Environmental Science: How Forests are Harvested
The world’s forests are one of the most valuable and most endangered resources. Removal of trees, or the destruction of forests, is called deforestation. Throughout much of the developing world, humans clear trees from forests to use them as fuel — firewood — for daily life. In other regions, humans clear forests and replace them with agricultural or grazing land.
Environmental scientists present a few examples of land use management to illustrate the difference between unsustainable resource depletion and sustainable land and resource management.
Clear-cutting is the most common method of timber removal. Clear-cutting removes all the trees in a given area, often by using large machinery. From an economic standpoint, the benefit of this approach is that humans can harvest maximum timber with minimal energy and cost. However, clear-cutting destroys habitats and landscapes in the process. The figure illustrates a patch of clear-cut forest visible as a scar on the forested landscape.
Removing all the trees from a large patch of land leaves the other organisms in the ecosystem without the shelter and resources the trees provided. The open patch increases the amount of sunlight that shines through to the forest floor and the temperature of the habitat surrounding the open patch, both of which affect the organisms that live there. Plus, large bare patches of clear-cut forest leave the soil vulnerable to erosion by wind and water.
Some timber harvesters replant clear-cut patches with a single species of tree. Although this replanting helps control the erosion problem, it doesn’t reestablish the diverse ecosystem that was previously present in the forest habitat.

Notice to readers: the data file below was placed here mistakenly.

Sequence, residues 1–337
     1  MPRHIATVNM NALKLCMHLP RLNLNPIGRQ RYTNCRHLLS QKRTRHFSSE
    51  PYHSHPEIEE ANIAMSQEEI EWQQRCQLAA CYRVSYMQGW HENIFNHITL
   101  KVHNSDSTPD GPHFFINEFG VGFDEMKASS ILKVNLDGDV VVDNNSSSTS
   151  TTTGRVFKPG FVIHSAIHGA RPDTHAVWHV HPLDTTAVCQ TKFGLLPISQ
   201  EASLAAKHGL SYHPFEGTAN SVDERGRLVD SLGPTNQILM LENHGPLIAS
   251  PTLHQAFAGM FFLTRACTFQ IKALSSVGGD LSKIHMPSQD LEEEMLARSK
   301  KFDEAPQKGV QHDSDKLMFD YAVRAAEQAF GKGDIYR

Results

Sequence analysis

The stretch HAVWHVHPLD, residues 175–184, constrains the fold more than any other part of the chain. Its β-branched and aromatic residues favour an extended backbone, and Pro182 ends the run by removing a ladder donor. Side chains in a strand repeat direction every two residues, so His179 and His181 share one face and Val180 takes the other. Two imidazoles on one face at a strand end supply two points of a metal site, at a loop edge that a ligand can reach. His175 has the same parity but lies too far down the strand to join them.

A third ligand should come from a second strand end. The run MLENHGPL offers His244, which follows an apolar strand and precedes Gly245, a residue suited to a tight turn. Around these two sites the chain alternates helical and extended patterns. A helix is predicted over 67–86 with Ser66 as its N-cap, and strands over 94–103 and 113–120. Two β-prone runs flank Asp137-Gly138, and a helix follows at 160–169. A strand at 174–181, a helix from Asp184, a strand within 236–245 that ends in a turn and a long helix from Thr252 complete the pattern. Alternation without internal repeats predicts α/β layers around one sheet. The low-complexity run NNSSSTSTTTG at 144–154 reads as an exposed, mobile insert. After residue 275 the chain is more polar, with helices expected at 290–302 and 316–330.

Selecting certain trees
Because people need to use the resources that forests provide (and because those resources aren’t unlimited), environmental scientists have developed land management practices to help sustain forest resources into the future while using them to meet today’s needs as well.
Selective cutting, also called selective harvesting, is a timber-harvesting approach that’s less destructive than clear-cutting. This method of harvesting removes single trees or a few trees at a time from a forested area, leaving many behind.
Selective cutting of trees requires more time, money, and energy to extract the individual trees, and it can still result in the soil erosion and ecosystem damage that are associated with other forms of timber harvesting (such as road building and air pollution). However, the disturbance to the ecosystem isn’t as dramatic as it is with clear-cutting.
In an effort to find more sustainable ways of using timber resources, scientists and foresters in some places have developed methods of ecologically sustainable forestry, such as using pack animals instead of machinery to remove trees one at a time to reduce the need for roads and the impact on the forest ecosystem.
The goal of this type of timber harvesting is to remove trees without damaging the surrounding habitat or organisms. Although this approach works well on a small scale, it isn’t cost- or time-effective for the commercial-scale logging industry.